A storm off the US East Coast is forecast to bring heavy rainfall and potentially dangerous conditions to North Carolina and other states on Friday before making landfall on Saturday, the National Hurricane Centre has said.
The storm is forming off the coast of the Carolinas with top sustained winds of 85kph, the Associated Press reported. A storm surge watch was in effect, with surges between 1 metre to 1.5 metres forecast for parts of North Carolina, the centre reported.
As of Friday morning, the storm was located about 530km south-east of Charleston, South Carolina, moving north at about 14kph.
Rainfall of 7.6cm to 12.7cm, with localised amounts of up to 17.7cm, was expected across eastern North Carolina and south-east Virginia through Saturday, the centre added.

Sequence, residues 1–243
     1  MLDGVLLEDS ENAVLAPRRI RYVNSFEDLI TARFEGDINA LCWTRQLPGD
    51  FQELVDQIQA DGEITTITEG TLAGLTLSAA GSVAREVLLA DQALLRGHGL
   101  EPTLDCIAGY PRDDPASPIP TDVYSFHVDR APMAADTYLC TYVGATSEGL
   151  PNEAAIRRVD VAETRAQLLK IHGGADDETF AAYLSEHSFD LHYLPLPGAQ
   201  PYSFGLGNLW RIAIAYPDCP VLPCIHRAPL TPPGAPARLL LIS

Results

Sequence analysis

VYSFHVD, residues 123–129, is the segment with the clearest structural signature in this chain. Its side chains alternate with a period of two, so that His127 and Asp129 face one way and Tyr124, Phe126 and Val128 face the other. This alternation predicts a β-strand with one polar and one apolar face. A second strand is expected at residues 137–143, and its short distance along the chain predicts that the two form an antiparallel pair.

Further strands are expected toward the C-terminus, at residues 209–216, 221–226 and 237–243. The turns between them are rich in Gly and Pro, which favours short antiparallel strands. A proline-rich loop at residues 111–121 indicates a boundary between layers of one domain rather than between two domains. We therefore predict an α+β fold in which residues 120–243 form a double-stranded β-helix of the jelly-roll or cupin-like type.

It is also expected to bring heavy rainfall to the Washington area.
The storm will weaken once it moves inland on Saturday, but it will continue to bring heavy rain, gusty winds and significant coastal flooding, the Weather Channel reported.
Though the system has reached tropical storm strength, it has yet to be given a name and the centre was still referring to it as Potential Tropical Cyclone 16 as of Friday morning.
The hurricane centre defines a potential tropical cyclone as a disturbance posing a threat of tropical storm or hurricane conditions to land within 48 hours.
Bloomberg reported that the centre would probably name it Ophelia.
Meteorologist Maria Torres, a public affairs officer with the Miami-based centre, said people along the Atlantic coast need to watch the storm’s progress, gather supplies and make preparations for its arrival.
“This will bring some tropical storm force winds and storm surge along with the high winds to the East Coast through the weekend, mainly from the south-east to the mid-Atlantic states,” she told AP.
Local emergency management officials warned of heavy rain, high winds and flooding in the next few days.
Meanwhile, Hurricane Nigel was downgraded to a post-tropical cyclone centred about 1,030km north-west of the Azores, with maximum sustained winds of 110kph, though officials in North Carolina said the state might see increased swells from the remnants of the storm.